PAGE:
Student Released in Georgia Teen Sex Case

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Genarlow Wilson, a high-school student sentenced to 10 years in prison for engaging in consensual oral sex with a 15-year-old girl, was released from prison on Friday after serving two years of his term. In a 4-3 decision, the Georgia Supreme Court ruled Wilson's sentence "cruel and unusual punishment."

Guest:

B.J. Bernstein, Genarlow Wilson's appellate attorney and founder of My5th.org

Genarlow Wilson Gets a 'Second Chance'

Genarlow Wilson with his attorney B.J. Bernstein.

An incarcerated Genarlow Wilson, shown earlier this year, consults with his attorney, B.J. Bernstein. Georgia Department of Corrections hide caption

itoggle caption Georgia Department of Corrections

After 32 months behind bars and an intense four-year legal battle, Genarlow Wilson is free from prison. Wilson was released Friday after a 4-3 decision by the Georgia Supreme Court described Wilson's imprisonment as "cruel and unusual punishment."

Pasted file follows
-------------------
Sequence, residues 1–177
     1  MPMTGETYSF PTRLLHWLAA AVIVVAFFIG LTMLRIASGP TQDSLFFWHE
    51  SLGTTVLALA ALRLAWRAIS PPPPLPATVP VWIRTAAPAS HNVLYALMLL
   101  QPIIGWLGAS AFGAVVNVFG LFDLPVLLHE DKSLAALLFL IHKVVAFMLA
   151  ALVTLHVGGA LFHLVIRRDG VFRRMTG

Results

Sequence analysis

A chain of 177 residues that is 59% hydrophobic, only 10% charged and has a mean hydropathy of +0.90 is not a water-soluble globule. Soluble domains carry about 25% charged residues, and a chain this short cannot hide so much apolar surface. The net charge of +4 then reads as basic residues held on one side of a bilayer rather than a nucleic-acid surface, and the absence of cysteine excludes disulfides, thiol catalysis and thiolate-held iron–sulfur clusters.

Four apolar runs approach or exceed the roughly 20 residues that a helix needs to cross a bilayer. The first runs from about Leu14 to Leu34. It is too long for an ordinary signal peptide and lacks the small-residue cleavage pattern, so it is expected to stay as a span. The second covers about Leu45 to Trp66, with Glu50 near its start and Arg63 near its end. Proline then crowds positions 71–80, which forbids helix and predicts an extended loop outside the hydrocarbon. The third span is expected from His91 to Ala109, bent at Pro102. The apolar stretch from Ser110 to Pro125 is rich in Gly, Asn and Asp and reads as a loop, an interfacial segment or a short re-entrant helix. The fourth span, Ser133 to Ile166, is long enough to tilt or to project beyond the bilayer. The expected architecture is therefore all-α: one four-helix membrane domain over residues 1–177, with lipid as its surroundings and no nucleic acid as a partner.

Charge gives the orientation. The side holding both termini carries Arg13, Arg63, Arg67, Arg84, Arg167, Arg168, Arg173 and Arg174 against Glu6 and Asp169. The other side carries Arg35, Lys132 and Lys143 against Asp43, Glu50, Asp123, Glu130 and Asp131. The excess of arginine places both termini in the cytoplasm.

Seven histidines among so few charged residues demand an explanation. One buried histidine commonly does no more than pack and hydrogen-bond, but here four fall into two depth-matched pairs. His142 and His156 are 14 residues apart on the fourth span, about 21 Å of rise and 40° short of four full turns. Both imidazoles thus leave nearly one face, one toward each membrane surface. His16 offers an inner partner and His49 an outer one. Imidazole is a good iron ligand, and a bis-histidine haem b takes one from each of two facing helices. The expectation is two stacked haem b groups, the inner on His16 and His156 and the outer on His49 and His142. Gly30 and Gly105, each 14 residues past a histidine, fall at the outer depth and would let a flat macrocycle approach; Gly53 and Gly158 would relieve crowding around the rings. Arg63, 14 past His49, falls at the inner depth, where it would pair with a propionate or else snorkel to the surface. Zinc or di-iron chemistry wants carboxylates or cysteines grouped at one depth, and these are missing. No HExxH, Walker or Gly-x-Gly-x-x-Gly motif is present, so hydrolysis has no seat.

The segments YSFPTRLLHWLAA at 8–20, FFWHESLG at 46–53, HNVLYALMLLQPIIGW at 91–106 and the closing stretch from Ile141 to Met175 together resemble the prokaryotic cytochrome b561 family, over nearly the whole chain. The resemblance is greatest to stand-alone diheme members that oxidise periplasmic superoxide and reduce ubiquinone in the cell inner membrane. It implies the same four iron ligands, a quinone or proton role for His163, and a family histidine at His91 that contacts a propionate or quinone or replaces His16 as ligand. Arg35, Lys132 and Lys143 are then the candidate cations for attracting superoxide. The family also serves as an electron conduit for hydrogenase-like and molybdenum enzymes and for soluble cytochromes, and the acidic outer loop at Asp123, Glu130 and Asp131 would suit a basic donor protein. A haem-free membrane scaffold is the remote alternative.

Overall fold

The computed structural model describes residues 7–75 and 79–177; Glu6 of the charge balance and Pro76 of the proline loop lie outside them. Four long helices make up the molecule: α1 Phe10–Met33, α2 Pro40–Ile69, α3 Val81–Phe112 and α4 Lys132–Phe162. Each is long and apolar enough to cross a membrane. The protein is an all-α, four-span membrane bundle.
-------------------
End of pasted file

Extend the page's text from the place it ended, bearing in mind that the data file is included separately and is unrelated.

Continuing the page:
In 2003, the 17-year-old high school scholar and athlete was convicted of aggravated child molestation and sentenced to 10 years in prison after engaging in consensual oral sex with another teenager. The punishment was denounced on activist blogs, by Atlanta community members and notable civil rights leaders, such as the Rev. Al Sharpton. Tensions surrounding the case inspired protests and garnered worldwide media attention.

A plea agreement might have released Wilson sooner, but defense attorneys rejected the offer. Defense attorneys say it would have required Wilson to register as a sex offender, which would have prevented him from sharing a living space with his younger sister.

Wilson is glad to be released, but acknowledges that his actions as an adolescent were far from innocent.

"I didn't make the best of decisions ... [looking back] I can't believe that was me," says the now 21-year-old, who declares he was unaware that Georgia's age of consent is 16. The videotaped sex act shows Wilson engaging with a 15-year-old girl.

"I don't condone that behavior," Wilson says. "A few minutes of pleasure can be a lifetime of trouble."

Wilson is "grateful" to have a second chance and is already making plans for the future. When asked what's next on his agenda, Wilson, described as an avid reader while in prison, says without hesitation: "To get into college as soon as possible."

Undecided about where he wants to attend, he plans to major in sociology.

"I've been living my major."

Web material written and produced by Lee Hill.

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